The decision is up to my brother, w/ my "guidance." He's not a language nerd at all.
I like Pharr pretty well, too, although I find it irksome to flip to the back of the book for the grammar. However, my brother tried Pharr a few years ago (on his own, w/o help or encouragement) and didn't like it, so we won't use it. Machen was also not to his taste. For one's first foreign language, ancient Greek is not an easy choice, that's for sure. But I hope that this time maybe our doing it together will be helpful. You know what a grind it can be. I'm certainly looking forward to having a "companion" for a change.
FWIW, here are the 6 books I've narrowed things down to (he was off the Internet for the last couple of days, so I looked), and the others I've provisionally ruled out for various reasons. The way to do this right is to compare the books _themselves_, but I only have used copies of a few of them (marked w/ an asterisk), so I've been depending a lot on online reviews:
*Groton, From Alpha to Omega
*Hansen and Quinn, Greek: An Intensive Course
Beetham, Learning Greek w/ Plato
Beetham, Beginning Greek w/ Homer
*Schoder and Horrigan, A Reading Course in Homeric Greek
Mounce, Basics of Biblical Greek
The Beetham books will prob., be rejected next, as they have only Greek->English exercises, although we could go from answers to questions, to supply that lack. I love Hansen and Quinn, but chapters 2 and 3 are absolute killers, and they may be too much for someone who is not used to memorizing, yet . . . and it doesn't have an answer key, which would be useful. I haven't looked much at Mounce, but it may be a nice gentle intro. Groton, and Schoder and Horrigan are leading the pack at this point.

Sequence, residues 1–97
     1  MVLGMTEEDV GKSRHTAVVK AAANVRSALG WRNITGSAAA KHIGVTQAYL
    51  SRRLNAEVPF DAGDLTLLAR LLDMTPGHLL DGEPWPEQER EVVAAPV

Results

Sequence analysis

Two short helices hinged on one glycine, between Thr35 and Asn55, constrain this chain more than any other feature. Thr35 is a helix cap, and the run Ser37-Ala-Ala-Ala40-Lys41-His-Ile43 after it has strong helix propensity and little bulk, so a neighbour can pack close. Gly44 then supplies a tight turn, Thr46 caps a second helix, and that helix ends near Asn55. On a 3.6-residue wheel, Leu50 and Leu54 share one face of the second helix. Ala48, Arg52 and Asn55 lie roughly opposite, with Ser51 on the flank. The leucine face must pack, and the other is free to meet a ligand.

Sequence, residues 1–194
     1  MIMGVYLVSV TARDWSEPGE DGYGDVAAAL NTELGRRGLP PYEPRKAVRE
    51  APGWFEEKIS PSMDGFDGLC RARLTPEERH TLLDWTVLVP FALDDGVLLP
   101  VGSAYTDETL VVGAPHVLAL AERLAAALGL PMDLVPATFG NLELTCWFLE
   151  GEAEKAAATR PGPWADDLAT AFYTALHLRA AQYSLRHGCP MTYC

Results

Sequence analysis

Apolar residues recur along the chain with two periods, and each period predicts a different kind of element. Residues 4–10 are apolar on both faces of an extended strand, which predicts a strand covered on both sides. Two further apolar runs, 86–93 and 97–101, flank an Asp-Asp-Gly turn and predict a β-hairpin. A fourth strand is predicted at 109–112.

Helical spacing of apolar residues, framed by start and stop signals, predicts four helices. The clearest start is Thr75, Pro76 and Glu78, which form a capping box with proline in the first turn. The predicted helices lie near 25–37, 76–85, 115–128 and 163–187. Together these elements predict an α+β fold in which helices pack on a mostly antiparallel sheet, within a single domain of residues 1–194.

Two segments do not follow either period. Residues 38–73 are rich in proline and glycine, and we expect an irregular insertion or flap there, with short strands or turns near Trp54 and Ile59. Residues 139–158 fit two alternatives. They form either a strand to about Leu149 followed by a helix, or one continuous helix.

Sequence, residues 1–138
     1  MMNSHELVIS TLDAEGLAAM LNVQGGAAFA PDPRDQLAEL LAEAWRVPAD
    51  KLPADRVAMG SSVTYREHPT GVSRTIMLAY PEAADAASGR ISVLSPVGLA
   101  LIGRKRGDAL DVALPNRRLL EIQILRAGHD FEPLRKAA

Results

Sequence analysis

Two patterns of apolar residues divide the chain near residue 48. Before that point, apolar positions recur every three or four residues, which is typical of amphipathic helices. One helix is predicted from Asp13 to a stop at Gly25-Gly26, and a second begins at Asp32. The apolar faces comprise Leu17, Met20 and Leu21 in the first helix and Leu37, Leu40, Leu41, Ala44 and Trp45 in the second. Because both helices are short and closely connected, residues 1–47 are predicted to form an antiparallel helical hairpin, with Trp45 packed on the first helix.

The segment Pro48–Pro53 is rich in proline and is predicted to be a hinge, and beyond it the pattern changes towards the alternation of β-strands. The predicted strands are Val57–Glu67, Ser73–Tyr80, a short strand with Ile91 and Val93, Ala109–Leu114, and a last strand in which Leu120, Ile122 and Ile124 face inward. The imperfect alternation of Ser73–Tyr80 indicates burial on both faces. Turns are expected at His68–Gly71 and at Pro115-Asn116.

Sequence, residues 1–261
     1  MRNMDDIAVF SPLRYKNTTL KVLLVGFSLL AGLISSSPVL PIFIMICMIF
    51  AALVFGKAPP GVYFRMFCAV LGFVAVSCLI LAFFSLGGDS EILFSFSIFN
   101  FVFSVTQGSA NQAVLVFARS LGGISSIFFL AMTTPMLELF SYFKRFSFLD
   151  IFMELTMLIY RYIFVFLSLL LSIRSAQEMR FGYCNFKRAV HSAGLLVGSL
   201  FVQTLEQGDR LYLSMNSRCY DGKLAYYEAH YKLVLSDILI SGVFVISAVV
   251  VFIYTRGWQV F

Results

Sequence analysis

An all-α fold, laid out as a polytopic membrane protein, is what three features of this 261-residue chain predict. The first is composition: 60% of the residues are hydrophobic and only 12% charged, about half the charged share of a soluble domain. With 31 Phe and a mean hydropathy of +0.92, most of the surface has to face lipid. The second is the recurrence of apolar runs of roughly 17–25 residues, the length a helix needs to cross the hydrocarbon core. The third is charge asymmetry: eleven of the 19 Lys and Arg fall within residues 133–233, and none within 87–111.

Here's the one's I've rejected so far, and why--admittedly, often w/o seeing the book itself:
Keller and Russell, Learning to Read Greek--Lengthy stretches w/o exercises; i.e., too much memorization w/o practice
*JACT, Reading Greek--too scattershot
Saffire and Fries, Ancient Greek Alive!--reviews say not good for self-study
Wilding and Shelmerdine,Beginning Greek --not enough exercises, paradigm listings deficient?
Vernhes, Discovering Greek Step by Step (Initiation au grec ancien)--looks good so far, but it would take too long to get it from France
*Mastronarde, Introduction to Attic Greek--excruciatingly tedious exercises, poor arrangement, too much presented w/o adequate drill
*Betts and Henry, Teach Yourself Ancient Greek--maybe too brief a presentation
*Balme and Lawall, Athenaze--too diffuse; not enough grammar
*Machen--New Testament Greek for Beginners; not successful before
*Pharr, Homeric Greek: A Book for Beginners--Not successful before
Assimil, Le Grec ancien--too experimental; needs to be translated from French (time consuming)
Luschnig and Mitchell, An Introduction to Ancient Greek: A Literary Approach--too many paradigms in a row?
*White, John W., First Greek Book--Written w/ the expectation that the student already knows Latin (grammar)
If you have any comments--such as, How can you possibly reject XXX!, or Have you considered YYY?--I'd love to hear them.
I read French well, but he does not. The Vernhes book comes highly recommended, and I'd like to use it, espec. as I would not have to translate it, since there is an English version, but it would take too long to order it from France, and I haven't actually seen it, anyway, other than some online "answer sheets." I can always work my way through it as a refresher, if we get so far as to have knowledge to refresh.
Well, I've produced another info dump. Sorry 'bout that. Read any good SF, lately?